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What's Up Magazine

Savor the Experience

Sep 30, 2014 01:06PM ● By Cate Reynolds

By Gail Greco
Photography by Jenna Walcott

The Narrows Restaurant
3023 Kent Narrows Way South, Grasonville


A few steps up a front porch to a house with Cape Cod-style roof and dormers, and the half-glass front door swings open, revealing a pretty face ushering us inside. A few words on an attached brass plaque catch a glint of early evening sunlight to reflect: No Cell Phones. It’s a little sign with a big message, and one I determine is meant with a smile and for my (all of our) own good.

We’re slowing down, no longer at warp-speed but rather shifting to sophisticated wharf-side cruise at The Narrows Restaurant. Been living on the Eastern Shore 12 years and had never heard of the eatery, perhaps because it’s not in clear view, tucked cozily beneath the towering Kent Narrows bridge, here in Grasonville. The engineering marvel—visible from the bar/lounge—doesn’t make you feel insignificant, but rather empowered, especially with a glass of Black Opal Shiraz and, for my partner, a silky Cambria Chardonnay, in hand. The bridge’s supports vault upward fan-like, in the spirit of a Gothic cathedral, supporting a byway of whizzing Shore-bound motorists on this Friday night.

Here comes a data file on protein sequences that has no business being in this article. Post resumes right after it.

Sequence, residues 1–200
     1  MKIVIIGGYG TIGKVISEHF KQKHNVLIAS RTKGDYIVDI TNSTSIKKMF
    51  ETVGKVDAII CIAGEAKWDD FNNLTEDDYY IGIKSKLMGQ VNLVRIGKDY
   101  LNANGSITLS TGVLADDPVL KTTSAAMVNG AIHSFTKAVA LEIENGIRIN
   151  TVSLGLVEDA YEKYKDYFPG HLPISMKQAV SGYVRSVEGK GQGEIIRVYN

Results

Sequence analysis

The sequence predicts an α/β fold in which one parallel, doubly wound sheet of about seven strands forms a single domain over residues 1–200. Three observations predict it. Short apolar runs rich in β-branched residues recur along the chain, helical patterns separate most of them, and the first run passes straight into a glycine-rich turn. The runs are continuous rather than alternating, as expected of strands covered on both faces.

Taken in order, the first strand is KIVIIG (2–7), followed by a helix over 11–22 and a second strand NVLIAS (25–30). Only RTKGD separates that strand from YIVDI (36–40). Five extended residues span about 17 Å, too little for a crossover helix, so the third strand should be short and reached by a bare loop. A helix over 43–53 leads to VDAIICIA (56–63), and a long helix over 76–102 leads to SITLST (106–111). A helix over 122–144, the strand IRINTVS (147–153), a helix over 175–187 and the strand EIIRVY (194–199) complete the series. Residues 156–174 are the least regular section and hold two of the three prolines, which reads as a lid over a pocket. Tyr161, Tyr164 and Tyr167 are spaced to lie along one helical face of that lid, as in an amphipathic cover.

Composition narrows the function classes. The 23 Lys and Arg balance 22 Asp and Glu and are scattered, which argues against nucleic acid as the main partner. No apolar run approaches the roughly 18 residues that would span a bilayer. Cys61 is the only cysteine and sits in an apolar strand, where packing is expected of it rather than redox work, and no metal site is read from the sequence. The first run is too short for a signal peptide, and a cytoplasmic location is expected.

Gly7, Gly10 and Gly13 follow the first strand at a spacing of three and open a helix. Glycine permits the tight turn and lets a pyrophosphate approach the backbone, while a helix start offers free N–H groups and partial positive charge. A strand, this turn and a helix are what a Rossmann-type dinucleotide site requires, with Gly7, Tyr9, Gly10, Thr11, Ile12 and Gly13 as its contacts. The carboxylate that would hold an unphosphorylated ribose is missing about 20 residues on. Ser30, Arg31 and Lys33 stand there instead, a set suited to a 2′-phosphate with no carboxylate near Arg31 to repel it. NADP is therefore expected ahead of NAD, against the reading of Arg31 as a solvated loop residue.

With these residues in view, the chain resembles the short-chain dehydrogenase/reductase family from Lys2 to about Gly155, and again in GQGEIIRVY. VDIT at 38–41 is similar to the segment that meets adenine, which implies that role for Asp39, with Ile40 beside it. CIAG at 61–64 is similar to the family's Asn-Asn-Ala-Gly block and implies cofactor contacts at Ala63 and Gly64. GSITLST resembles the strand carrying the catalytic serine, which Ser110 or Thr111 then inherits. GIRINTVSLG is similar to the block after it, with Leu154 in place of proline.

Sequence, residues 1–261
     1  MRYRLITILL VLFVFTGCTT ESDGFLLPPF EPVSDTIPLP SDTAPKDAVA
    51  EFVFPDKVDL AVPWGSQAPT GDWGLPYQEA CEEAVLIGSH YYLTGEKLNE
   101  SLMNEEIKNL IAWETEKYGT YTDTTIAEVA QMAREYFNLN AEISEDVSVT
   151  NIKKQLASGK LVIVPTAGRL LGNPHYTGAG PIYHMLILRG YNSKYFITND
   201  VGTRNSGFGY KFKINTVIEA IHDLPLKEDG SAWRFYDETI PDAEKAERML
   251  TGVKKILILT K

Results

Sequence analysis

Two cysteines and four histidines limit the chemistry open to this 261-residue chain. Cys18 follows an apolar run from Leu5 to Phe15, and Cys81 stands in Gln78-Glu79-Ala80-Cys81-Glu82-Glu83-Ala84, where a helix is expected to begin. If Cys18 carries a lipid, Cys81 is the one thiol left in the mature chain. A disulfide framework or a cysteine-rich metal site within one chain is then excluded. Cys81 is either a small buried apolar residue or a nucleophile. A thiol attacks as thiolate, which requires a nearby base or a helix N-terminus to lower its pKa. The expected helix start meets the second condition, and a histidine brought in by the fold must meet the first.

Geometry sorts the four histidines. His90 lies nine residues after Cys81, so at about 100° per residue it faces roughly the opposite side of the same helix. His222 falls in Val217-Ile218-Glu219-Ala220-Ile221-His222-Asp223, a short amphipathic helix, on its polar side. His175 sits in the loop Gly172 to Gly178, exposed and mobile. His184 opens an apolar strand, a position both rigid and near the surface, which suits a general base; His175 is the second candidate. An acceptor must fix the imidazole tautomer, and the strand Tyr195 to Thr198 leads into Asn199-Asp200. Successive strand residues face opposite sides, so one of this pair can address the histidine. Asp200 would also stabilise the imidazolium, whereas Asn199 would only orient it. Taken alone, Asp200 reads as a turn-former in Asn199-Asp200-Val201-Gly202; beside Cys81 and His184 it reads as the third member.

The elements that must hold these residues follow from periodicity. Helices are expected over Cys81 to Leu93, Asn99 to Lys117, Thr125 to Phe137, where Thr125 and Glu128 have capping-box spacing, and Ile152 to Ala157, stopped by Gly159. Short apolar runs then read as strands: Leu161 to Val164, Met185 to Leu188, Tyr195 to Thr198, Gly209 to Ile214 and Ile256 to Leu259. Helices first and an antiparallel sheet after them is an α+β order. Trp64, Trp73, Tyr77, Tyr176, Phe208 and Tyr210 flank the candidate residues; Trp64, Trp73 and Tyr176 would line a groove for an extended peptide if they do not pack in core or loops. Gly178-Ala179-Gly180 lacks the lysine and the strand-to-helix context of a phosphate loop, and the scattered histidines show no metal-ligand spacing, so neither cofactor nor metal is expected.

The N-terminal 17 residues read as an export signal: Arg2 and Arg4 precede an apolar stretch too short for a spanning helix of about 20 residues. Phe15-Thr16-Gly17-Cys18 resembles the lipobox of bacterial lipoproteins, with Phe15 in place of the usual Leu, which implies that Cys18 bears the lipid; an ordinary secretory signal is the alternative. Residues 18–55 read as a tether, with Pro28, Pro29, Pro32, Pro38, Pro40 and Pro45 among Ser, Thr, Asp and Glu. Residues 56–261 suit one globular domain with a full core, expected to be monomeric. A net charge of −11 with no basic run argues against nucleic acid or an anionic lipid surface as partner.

We walked from the main dining room to the enclosed porch, surrounded by views of the passing boats and flowing waters of the Kent Narrows, the much-traversed sliver leading from the Chester River toward Eastern Bay.

No sooner had my husband and I chosen our table, than two friends arrived. Moments earlier, they had been peering through the white-etched looking glass bar divider panel, watching us with amusement as we made the first, most important decision of the night, where to sit. Back and forth we ambled between comfortable, sunny enclosed porch and light-and-airy, swanky nautical dining room.

“We were phoning you to say we were enjoying the bar and the bridge, please save us a seat, but neither of you answered.” Obviously they hadn’t seen the no-cell phone sign. Or was it the Heineken and the house specialty Sunset Martini with pomegranate splash that was setting them back a bit? I didn’t ask.

We took at least 40 minutes to order, enjoying the cozy four-top inside the main dining room, painted in a vibe of coastal navy blues. Waitress Cat purred about our table with beverage reinforcements and starters of calamari ($11.95) with roasted garlic marinara (the only way my Sicilian grandmother ever served the squid, except when she stuffed the chewy sacks with crab and Italian spices at holidays). We sucked littleneck clams ($13.95) steamed in a citrusy white wine broth and carefully snapped smoked salmon napoleons ($12.95), supported with their own stanchions of crisped wonton pastry layers, bridging curls of quality smoked salmon, and a caper dill cream bejeweling a dice of tangy ruby red onion.